A family's moral codes are tested when Ray Tierney investigates a case that reveals an incendiary police corruption scandal involving his own brother-in-law. For Ray, the truth is revelatory, a Pandora's Box that threatens to upend not only the Tierney legacy but the entire NYPD.
Martine offers Terry a lead on a foolproof bank hit on London's Baker Street. She targets a roomful of safe deposit boxes worth millions in cash and jewelry. But Terry and his crew don't realize the boxes also contain a treasure trove of dirty secrets - secrets that will thrust them into a deadly web of corruption and illicit scandal.
Stephen Campbell Moore
A cab driver finds himself the hostage of an engaging contract killer as he makes his rounds from hit to hit during one night in Los Angeles. He must find a way to save both himself and one last victim.
When Keller Dover's daughter and her friend go missing, he takes matters into his own hands as the police pursue multiple leads and the pressure mounts. But just how far will this desperate father go to protect his family?
A frustrated man decides to take justice into his own hands after a plea bargain sets one of his family's killers free. He targets not only the killer but also the district attorney and others involved in the deal.
Samir Horn is a former soldier, a devout Muslim, and U.S. citizen in the Middle East selling bomb detonators to Islamic radicals. He joins their cause as both the FBI and a rogue CIA agent track him. Horn escapes a Yemeni prison, goes underground in France where he proves his abilities, and is sent to the United States to choreograph a simultaneous and multiple terror attack. Will the intelligence agencies talk to each other, and can Horn be stopped? Written by
When Samir buys an apple on a market in Marseille you can clearly see the French word "traiteur" (in English: delicatessen), similar to the word "traître" (in English: traitor) on the awning in the background, when he leaves the market. See more »
A panning shot of Washington DC later crosses the Potomac, showing the Rossyln part of Northern Virginia. A building obviously in Virginia ends the scene, with text that mentions the building as a special operations office of the FBI in "Washington, DC." See more »
It's true what they say. War is the lesser Jihad. To overcome temptation, to live rightly, that is the great Jihad.
And is that what we've been doing? Did you ever ask yourself that?
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An effective and thought provoking thriller thanks to Cheadle
A few years ago, Don Cheadle rose to the top of the acting world with dynamite performances in Hotel Rwanda, the Ocean's series, Crash, and Traffic. He even got to fight in Rush Hour 2! So it should come as no surprise that Cheadle is electrifying and deep in this film, and it is his performance that makes the film what it is: a deeply engrossing political thriller that will definitely make the audience think about the movie, and of course, the current state of affairs in our world.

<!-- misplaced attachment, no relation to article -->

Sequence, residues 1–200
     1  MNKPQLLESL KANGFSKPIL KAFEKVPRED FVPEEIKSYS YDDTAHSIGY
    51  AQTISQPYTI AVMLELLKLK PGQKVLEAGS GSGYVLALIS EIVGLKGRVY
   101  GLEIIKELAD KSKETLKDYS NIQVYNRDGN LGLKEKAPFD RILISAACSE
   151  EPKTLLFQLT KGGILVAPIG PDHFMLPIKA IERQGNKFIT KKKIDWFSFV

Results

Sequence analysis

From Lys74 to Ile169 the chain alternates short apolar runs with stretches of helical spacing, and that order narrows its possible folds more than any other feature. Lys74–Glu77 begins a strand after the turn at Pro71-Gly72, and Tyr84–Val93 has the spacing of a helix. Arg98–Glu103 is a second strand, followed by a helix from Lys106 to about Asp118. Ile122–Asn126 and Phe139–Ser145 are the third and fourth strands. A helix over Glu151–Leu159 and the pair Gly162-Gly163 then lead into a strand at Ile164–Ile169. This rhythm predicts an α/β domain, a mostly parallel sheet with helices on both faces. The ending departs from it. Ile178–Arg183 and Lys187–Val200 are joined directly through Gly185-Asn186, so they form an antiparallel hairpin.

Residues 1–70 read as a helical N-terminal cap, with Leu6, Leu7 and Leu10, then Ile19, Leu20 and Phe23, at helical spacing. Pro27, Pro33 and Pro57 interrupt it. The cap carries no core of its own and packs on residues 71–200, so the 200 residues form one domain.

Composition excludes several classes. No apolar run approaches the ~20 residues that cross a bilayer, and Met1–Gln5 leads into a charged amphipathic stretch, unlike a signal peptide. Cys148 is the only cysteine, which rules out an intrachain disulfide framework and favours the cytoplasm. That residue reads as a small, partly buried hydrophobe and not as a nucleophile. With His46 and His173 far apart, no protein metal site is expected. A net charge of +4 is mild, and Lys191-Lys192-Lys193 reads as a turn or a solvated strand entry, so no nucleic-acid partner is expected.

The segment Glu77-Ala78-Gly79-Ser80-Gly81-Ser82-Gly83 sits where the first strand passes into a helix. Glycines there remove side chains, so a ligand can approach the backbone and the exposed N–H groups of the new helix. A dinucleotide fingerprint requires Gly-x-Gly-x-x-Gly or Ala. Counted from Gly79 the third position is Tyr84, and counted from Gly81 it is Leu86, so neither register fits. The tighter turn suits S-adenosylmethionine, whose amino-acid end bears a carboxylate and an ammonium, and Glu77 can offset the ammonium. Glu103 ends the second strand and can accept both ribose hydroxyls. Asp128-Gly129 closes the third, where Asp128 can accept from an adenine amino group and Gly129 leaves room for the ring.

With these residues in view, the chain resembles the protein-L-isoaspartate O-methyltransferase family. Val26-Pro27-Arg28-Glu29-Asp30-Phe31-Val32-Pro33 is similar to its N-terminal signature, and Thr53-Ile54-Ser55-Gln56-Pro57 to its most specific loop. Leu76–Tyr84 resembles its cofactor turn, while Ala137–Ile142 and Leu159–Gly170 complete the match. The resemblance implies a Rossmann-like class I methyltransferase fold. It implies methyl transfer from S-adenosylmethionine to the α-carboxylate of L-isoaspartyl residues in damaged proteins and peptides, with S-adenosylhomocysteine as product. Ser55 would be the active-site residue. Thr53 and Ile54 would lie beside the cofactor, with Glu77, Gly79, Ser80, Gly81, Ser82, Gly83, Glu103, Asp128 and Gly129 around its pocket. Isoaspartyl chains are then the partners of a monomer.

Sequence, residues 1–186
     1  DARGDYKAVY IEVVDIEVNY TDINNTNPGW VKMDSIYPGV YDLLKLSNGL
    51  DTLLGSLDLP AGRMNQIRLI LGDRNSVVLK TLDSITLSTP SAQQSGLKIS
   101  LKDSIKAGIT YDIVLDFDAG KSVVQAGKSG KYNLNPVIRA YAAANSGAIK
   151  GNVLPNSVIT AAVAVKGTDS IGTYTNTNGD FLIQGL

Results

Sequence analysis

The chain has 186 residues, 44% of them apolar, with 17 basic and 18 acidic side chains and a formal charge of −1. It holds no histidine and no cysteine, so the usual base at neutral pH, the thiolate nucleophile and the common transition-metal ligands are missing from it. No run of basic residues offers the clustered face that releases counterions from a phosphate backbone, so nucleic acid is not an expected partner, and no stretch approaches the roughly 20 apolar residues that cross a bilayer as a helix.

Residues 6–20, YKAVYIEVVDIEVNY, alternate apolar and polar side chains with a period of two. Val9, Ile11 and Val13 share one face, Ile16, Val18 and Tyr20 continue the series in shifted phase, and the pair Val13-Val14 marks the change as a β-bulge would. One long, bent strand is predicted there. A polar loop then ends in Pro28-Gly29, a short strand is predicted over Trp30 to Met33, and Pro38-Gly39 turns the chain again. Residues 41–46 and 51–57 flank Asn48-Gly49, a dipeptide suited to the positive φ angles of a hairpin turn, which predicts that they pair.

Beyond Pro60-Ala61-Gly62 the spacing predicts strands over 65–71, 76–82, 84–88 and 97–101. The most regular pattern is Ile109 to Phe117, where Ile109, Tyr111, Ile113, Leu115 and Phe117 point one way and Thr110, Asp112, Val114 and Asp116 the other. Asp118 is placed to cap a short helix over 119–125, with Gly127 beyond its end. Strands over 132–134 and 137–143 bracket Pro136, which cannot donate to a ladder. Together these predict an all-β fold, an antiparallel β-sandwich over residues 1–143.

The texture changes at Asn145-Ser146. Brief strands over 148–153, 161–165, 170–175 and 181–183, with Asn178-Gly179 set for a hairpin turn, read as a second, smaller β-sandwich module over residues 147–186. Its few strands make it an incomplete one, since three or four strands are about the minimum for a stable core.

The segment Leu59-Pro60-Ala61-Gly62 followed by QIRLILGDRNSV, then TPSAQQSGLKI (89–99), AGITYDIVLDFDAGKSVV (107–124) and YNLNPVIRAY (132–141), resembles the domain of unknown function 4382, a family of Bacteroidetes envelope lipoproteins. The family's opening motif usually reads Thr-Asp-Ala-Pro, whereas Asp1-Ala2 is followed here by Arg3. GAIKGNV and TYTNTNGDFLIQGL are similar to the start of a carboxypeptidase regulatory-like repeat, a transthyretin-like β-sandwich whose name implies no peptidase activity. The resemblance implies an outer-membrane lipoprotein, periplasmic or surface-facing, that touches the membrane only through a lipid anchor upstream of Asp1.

Traitor did a very good job of stepping on the audience's toes with some lines that could've been considered prejudiced, and then catching themselves with actual truths about the war in the Middle East, in addition to religions themselves. This obviously takes place in the dialog of the characters, particularly those of Cheadle and Guy Pearce. The film's dialog is well written, making up for the sometimes slow pacing scenes that take awhile to transpire.
I've already heaped my praise on Don Cheadle, but I'll do it a little bit more. One of the crucial plot points is the true allegiance of his character, and it is the subtlety of his performance that will keep you guessing what side he is fighting for, though when the answer is finally revealed, you'll think you knew all along. Some call this 'predictable'. I call it great acting. Guy Pearce delivers a winner of a show as well as the straight edge FBI agent chasing after Cheadle, though his character has been done to death, to be honest. Neal McDonough is somewhat annoying in a supporting role as Pearce's partner (though I think Neal is annoying anyway...), while Jeff Daniels is a nice addition to the team. I thought another great performance came from Said Taghmaoui, as Cheadle's terrorist partner. After one of the better villainous performances of the year in Vantage Point, Taghmaoui delivers a performance just as deep and riveting as Cheadle's. This guy is one of the more underrated performers around, and he should get more work outside of being a terrorist.
I like the character development within the script, but I have some issues with the pacing of the film, which I'll take up with our director. The film seemed slow at times, as I was constantly waiting for a particular moment to happen, while 5 pacing scenes would come in the way like a roadblock and just aggravate me a bit. It's nitpicking, but some of the action was a little nauseating because of the camera. STAND STILL, YO! A decent plot twist within the ending of the film doesn't hurt at all, and adds a great element of surprise and depth to some characters.
All in all, Traitor is definitely worth a watch if you're looking to see something different to escape what is usually the graveyard for films...August. Cheadle's performance alone is worth the ticket. Taghmaoui's as well.
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